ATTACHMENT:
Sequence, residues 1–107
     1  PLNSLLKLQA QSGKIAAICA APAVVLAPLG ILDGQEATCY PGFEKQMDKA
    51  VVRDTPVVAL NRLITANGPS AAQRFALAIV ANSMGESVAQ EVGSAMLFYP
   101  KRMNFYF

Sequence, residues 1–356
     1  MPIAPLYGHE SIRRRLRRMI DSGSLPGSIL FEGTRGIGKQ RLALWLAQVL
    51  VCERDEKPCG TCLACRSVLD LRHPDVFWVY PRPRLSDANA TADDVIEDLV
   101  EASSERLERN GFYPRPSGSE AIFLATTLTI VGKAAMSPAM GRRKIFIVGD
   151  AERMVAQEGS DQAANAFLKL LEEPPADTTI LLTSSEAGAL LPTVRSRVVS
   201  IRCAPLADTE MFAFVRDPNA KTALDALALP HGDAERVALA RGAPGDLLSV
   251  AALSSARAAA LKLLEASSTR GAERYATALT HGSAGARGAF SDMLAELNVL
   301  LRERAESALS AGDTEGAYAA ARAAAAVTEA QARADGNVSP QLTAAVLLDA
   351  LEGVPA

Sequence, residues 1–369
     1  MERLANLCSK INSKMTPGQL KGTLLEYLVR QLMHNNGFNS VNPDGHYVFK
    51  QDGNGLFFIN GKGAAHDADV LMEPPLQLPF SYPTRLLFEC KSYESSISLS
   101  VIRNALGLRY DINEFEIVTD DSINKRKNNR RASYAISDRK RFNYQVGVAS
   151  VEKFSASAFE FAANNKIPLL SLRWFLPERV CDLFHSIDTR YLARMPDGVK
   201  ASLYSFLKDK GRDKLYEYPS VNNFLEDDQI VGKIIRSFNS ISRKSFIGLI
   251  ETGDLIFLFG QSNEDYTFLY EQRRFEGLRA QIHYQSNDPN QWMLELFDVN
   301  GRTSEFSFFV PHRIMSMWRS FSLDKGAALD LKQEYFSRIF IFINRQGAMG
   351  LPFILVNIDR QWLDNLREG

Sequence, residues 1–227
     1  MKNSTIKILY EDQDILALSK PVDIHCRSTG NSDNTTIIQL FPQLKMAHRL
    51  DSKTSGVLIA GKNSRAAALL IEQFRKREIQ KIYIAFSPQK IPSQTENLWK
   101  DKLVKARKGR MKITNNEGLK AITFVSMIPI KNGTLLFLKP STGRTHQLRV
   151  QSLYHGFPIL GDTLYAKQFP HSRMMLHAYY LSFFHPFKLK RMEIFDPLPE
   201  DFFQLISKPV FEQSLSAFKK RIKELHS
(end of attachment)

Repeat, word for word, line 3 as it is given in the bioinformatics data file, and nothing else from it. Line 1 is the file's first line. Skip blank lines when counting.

    51  VVRDTPVVAL NRLITANGPS AAQRFALAIV ANSMGESVAQ EVGSAMLFYP